|Publicity photo of Lucille Ball and Desi Arnaz in I Love Lucy. Lucy and Ricky in Scotland as part of their European tour shows. (Photo credit: Wikipedia)|
My husband speaks English as a second language, and didn't really begin to learn much English until he immigrated to the U.S.A. in 2002. Over the years, I've known a number of immigrants who were able to learn English as a second language since Elementary school, so even though they speak with an accent and may not have a complete knowledge of English, they speak well enough to get along fairly well in English speaking countries, or even to attend university.
Not so for my hubby. The school he attended didn't offer English until, like here in the states, high school, as an elective. He did take an English class, but learned and retained little from it, other than standard greetings and the names of a few items.
Kinda like me with high school French. I can count to ten, say paper, pen and crayon, my name is Charlotte (my "French class name"), and have to following exchange with an imaginary French person:
~ Bon Jour MadameA handy thing to know if I meet someone who's not doing very well! Luckily, as an adult, I worked for a French company for a while, and picked up just a few more words. Not many, and I can't construct a sentence, but talking to French people daily helped with my accent!
"Bon Jour Monsieur"
~ Como tale vous?
"Bien, merci, et trois?"
~ Pas tres bien.
~ Au revoir Madame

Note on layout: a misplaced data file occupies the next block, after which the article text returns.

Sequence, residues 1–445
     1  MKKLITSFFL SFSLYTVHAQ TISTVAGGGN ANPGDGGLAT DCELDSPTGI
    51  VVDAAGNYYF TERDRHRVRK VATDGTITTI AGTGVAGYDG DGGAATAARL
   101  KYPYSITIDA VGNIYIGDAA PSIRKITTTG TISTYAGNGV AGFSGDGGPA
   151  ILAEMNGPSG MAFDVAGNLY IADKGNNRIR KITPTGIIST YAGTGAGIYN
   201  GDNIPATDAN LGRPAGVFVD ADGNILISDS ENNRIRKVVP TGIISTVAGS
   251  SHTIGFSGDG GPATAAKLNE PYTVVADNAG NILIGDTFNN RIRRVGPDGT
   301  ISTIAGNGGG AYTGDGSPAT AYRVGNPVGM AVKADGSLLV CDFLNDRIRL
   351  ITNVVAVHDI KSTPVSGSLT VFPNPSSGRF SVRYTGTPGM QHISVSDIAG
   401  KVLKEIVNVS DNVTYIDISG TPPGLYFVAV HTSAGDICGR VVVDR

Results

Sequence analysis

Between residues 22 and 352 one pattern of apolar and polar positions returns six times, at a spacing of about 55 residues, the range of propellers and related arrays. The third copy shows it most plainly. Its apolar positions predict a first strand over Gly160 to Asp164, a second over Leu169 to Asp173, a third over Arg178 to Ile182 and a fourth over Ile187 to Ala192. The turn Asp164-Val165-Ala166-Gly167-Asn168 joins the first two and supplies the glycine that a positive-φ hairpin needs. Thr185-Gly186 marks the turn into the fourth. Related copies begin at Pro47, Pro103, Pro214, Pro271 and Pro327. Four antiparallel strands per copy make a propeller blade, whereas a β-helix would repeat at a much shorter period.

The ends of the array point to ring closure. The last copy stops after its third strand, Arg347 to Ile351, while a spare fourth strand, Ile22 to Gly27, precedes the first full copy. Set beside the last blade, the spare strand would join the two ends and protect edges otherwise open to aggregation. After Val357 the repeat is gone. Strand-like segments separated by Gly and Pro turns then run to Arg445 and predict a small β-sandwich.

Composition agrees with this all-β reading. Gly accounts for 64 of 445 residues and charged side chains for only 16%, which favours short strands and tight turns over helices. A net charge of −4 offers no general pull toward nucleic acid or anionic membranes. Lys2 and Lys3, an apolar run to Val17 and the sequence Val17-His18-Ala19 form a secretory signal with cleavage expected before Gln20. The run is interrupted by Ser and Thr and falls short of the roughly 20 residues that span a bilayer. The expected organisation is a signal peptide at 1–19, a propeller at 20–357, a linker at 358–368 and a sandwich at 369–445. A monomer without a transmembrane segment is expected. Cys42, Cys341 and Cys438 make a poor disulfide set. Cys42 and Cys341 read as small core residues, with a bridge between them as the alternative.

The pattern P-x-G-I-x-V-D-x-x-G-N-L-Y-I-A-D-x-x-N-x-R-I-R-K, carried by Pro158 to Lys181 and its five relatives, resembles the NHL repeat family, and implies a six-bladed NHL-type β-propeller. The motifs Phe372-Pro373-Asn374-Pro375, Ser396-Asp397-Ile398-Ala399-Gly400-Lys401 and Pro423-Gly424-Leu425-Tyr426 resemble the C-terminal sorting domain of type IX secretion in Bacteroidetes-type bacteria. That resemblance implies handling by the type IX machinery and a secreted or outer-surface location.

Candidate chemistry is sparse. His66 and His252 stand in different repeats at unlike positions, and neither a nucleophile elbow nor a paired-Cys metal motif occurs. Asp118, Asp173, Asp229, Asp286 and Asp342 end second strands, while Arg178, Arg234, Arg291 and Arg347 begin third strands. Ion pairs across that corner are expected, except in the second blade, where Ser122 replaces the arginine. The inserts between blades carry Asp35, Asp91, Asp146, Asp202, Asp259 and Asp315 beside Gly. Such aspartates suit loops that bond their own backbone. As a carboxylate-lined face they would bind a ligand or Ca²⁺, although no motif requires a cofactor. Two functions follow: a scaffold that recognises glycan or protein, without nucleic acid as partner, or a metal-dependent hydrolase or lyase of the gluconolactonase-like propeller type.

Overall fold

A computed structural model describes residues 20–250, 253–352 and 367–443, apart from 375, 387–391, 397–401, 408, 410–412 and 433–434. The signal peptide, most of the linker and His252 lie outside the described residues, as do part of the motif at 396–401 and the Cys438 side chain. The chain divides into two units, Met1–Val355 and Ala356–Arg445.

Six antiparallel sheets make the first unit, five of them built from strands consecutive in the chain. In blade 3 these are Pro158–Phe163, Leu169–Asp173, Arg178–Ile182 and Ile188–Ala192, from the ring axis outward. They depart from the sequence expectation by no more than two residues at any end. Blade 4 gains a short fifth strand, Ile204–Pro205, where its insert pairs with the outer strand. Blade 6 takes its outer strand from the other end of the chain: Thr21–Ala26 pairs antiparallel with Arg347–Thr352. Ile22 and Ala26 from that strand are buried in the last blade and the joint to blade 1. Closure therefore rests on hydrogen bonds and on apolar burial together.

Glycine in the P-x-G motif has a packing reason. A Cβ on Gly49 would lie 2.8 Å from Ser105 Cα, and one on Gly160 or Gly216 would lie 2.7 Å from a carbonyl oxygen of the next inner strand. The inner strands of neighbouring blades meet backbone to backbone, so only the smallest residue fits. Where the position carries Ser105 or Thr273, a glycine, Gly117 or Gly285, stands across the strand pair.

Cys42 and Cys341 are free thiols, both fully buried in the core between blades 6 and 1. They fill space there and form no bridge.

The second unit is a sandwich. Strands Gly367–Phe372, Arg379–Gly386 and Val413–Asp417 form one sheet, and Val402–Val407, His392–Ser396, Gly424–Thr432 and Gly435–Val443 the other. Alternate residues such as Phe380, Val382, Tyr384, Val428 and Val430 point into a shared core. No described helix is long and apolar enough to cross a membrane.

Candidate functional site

"Au revoir Monsieur!
Anyway, so Mohammed didn't really begin to learn much useful English until he got to America and began taking ESL and college courses, and ten years later it's still a daily learning experience. Which means that on most days, we have at least one exchange where we just aren't quite getting each other. Like, I think we're not even having the same conversation. I refer to these as our "Lucy & Desi" moments. I've been saying for years I was going to document them, so here we go.
Earlier, the washing machine was making loud noises as if it had an unbalanced load (I was washing bedding), so later on he was down in the basement watching working out, and a little while ago he called up to me from the basement, saying:
Him: Yeah, I'm cleaning the top of the machine because it's noisy.
Me: What ???
Me: Did you say you cleaned the top of the machine because it's noisy?
Him: Yeah, the sheets were not level, they were all on one side.
Me: OK, but what does that have to do with cleaning the top of the machine?
Him: THE SHEETS WERE NOT LEVEL, THEY WERE ALL ON ONE SIDE!
Me: Riiight. OK, but, what does that have to do with cleaning the top?
Him: What are you talking about? I said the sheets were not level!
Me: Sigh . . . . (nevermind, I think I'll just go sit down now).
The problem here is that when he said he was "cleaning the top," I pictured him wiping off the lid of the washer...whereas he actually meant that he was "clearing"
the upper portion of laundry that was inside.
Clearing, not cleaning.